PERFECTION BY CATHERINE WAGLEY
Dion Johnson’s work traffics in color, clarity and clean edges, but not in perfection. His paintings, while lush, seductive and well crafted, are about experience rather than showmanship. Performing perfection became fetish in art sometime before Jeff Koons started making balloon animals out of mirror-polished stainless steel and hired a specialist to spray paint his fake, aluminum inflatables. Takashi Murakami, who has a factory for art production called Kaikai Kiki, makes paintings indistinguishable from products. The unsurprising side effect of all this is that our eye has come to expect a factory-level flawlessness in contemporary art-galleries; such production value no longer catches us off-guard. Murakami is especially relevant here because he made a series of paintings in 2008 for his show, Davy Jones Tears. Inspired by Pirates of the Caribbean, the paintings had imitation pixilation on their pristine surfaces, and abstract streaks of vibrant color that flowed and dripped into each other. Because of their palette and motion, these streaks by Murakami came to mind the first time I saw a photograph of Dion Johnson’s “Chromatic Momentum,” his 2015 installation at the De Buck Gallery, where framed drawings of color moving up and down, expanding and then contracting, hung on a wall entirely covered with the same moving colors. But overlaps aside, the differences between Johnson and Murakami’s approach were most striking. Johnson’s precision isn’t plastic — he does not, after all, run a factory — and his touch noticeably human. This is a relief, because it makes space between refinement and vulnerability; we’re allowed, in looking, to at once want to be in control and in touch with all our foibles.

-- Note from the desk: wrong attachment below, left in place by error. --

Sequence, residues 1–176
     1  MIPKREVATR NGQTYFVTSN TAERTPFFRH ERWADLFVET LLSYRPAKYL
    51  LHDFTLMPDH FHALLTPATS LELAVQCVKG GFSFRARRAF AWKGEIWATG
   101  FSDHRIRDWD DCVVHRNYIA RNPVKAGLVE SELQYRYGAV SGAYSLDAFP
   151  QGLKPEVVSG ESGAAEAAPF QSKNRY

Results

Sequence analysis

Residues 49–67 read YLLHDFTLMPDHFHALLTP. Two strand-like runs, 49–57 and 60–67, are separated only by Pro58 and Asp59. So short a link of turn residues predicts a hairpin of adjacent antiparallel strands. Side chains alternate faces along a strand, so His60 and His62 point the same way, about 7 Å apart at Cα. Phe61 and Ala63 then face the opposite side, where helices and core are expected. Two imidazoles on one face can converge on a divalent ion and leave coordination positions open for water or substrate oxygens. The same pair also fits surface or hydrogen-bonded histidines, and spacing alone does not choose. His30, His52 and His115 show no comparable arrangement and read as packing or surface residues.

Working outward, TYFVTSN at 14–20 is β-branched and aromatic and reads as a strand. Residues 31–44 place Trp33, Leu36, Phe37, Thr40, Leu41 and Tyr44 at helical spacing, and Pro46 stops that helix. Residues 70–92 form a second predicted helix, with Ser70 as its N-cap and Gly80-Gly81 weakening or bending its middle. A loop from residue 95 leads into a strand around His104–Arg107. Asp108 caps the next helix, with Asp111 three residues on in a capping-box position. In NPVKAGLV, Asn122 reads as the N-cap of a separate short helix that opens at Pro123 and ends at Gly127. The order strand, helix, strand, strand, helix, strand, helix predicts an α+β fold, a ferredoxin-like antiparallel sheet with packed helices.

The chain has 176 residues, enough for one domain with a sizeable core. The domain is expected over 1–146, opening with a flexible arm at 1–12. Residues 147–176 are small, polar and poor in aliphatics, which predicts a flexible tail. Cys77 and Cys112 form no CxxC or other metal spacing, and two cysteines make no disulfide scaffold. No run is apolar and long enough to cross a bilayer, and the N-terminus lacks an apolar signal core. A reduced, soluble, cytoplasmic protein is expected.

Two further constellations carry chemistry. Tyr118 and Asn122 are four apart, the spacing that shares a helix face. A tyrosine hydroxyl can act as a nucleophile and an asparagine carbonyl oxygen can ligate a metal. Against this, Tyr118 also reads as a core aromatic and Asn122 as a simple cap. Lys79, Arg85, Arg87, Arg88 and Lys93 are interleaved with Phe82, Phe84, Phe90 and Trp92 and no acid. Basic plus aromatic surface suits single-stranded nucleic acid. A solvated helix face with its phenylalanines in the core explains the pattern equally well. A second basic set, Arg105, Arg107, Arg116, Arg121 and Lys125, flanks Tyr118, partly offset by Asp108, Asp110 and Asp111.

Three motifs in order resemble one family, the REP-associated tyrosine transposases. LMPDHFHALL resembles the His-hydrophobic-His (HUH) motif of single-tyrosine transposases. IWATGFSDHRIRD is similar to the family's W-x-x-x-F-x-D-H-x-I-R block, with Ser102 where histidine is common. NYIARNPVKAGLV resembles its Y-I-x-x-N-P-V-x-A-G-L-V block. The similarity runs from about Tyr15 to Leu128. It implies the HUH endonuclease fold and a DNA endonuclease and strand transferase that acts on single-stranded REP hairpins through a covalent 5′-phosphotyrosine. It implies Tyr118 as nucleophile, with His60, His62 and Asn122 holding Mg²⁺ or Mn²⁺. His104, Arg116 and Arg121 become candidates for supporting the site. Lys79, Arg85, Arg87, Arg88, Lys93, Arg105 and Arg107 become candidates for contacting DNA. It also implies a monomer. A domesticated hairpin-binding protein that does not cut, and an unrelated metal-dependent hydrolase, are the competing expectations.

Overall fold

In Johnson’s Verve (2017), space opens up wide and then collapses. A curve of black leans into a swathe of blue that’s more violet at the bottom then at the top, its shifts reminiscent of morning light. From left to right, the vertical stripes of color that come one after the other become increasingly tighter and slimmer. It’s as if we’ve been gazing out the window of a high-speed train, looking at the still sunrise, when the train takes off. Everything suddenly starts wishing by: a sea green into a crisp blue, into a royal blue, into pink, yellow, black and white, gliding up and down, left to right. But the momentum in Verve is subtly interrupted by four small squares. Two sit against the top edge and two against the bottom, as if oblivious to the speed and flow around them, reminding us that all this is a composed image with a surface.